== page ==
# Using floating point hardware to process long addresses.

Norman Hardy norm@netcom.com
Fri, 4 Sep 1998 01:02:08 -0400

```The basic idea is to abstract the representation of the number. By this I
mean that the following properties are verified without reference to kernel
code that uses floating code and kernel correctness of floating values
depends only on the following facts. Here is about all that you need to

Begin Axioms:

When operands and result are within the inclusive integer range [-2^64 :
2^64] then addition, subtraction and multiplication are exact.

Multiplication by a power of two is exact even when that operand is not an
integer.

The instructions (or routines) to convert between integer and floating
point are exact, except, of course, when the fixed value is inexpressible.
I presume that you can get the style of rounding that you need, probably
rounding down. ANSI expressions such as
floor(x) are probably correct but even faster methods may be available by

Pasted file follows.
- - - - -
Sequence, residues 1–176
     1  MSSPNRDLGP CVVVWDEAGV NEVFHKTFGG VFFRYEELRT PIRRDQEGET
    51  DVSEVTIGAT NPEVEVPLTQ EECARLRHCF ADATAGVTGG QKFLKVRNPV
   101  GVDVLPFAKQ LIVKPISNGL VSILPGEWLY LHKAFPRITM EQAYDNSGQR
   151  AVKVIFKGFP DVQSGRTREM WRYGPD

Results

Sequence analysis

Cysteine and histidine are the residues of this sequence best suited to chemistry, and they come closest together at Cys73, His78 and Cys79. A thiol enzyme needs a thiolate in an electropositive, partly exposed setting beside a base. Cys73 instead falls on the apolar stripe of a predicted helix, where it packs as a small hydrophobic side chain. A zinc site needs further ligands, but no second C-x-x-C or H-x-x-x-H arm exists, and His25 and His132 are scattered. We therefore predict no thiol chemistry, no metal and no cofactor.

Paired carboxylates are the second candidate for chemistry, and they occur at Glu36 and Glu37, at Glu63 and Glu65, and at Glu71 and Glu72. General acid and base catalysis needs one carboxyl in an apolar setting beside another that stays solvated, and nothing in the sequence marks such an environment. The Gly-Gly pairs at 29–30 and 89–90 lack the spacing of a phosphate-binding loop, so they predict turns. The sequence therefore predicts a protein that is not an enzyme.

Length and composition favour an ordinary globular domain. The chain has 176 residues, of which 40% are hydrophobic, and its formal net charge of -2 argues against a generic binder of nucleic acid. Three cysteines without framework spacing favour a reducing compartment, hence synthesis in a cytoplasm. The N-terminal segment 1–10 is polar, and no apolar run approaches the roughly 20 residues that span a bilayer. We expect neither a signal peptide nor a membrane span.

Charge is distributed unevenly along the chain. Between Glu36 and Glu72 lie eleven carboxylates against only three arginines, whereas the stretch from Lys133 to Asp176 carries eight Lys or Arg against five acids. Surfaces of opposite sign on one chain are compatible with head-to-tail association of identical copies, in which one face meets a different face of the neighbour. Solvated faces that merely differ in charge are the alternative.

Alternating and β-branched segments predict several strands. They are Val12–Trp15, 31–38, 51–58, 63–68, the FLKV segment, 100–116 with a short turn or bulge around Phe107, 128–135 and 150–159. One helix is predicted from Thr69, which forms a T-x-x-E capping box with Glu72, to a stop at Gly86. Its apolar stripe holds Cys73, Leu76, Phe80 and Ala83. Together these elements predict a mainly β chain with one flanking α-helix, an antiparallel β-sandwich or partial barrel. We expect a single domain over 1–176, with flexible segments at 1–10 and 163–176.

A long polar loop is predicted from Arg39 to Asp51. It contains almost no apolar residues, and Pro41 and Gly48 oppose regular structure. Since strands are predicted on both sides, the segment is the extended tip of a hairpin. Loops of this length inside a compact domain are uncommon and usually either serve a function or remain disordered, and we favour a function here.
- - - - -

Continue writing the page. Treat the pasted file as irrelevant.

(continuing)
using expressions such as (x+c)-c where c is some magic constant near
3*2^64.

The floating values in question require 80 bits when stored in RAM. (It may
not be necessary to store them in RAM.) This is unique to the x86
architecture.

Floating comparison (such as provided by the C operators <) is exact for
our purposes.

End Axioms.

When extracting a field from an address you always want to verify that it
is the most significant bits in the value. An expression such as
floor(addr*pm40) extracts the bits to the left of the rightmost 40 bits.
(pm40 is the constant 2^-40).

Notice that there is no need to divide!!

For reasons that are not entirely clear various chip manufacturers have
made floating operations unreasonably fast. Use them. The 370 kernel used
floating point to deal with the 48 bit addresses there.

Norman Hardy  <http://www.mediacity.com/~norm>

```